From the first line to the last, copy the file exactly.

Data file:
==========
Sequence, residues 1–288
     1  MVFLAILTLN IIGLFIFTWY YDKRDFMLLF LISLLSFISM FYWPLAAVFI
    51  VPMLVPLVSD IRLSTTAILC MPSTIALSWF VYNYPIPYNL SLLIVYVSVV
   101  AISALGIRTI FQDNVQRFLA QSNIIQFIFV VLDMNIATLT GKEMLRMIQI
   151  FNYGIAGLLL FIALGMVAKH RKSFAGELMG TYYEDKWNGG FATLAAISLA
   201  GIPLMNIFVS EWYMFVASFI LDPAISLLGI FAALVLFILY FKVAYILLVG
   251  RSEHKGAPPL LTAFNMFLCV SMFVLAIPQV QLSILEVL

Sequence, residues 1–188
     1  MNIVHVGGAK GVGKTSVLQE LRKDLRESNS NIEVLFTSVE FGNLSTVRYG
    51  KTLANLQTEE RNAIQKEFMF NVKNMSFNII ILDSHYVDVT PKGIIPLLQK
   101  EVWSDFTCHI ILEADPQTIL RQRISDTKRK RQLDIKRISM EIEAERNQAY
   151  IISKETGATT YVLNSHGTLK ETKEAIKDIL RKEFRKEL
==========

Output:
Sequence, residues 1–288
     1  MVFLAILTLN IIGLFIFTWY YDKRDFMLLF LISLLSFISM FYWPLAAVFI
    51  VPMLVPLVSD IRLSTTAILC MPSTIALSWF VYNYPIPYNL SLLIVYVSVV
   101  AISALGIRTI FQDNVQRFLA QSNIIQFIFV VLDMNIATLT GKEMLRMIQI
   151  FNYGIAGLLL FIALGMVAKH RKSFAGELMG TYYEDKWNGG FATLAAISLA
   201  GIPLMNIFVS EWYMFVASFI LDPAISLLGI FAALVLFILY FKVAYILLVG
   251  RSEHKGAPPL LTAFNMFLCV SMFVLAIPQV QLSILEVL

Sequence, residues 1–188
     1  MNIVHVGGAK GVGKTSVLQE LRKDLRESNS NIEVLFTSVE FGNLSTVRYG
    51  KTLANLQTEE RNAIQKEFMF NVKNMSFNII ILDSHYVDVT PKGIIPLLQK
   101  EVWSDFTCHI ILEADPQTIL RQRISDTKRK RQLDIKRISM EIEAERNQAY
   151  IISKETGATT YVLNSHGTLK ETKEAIKDIL RKEFRKEL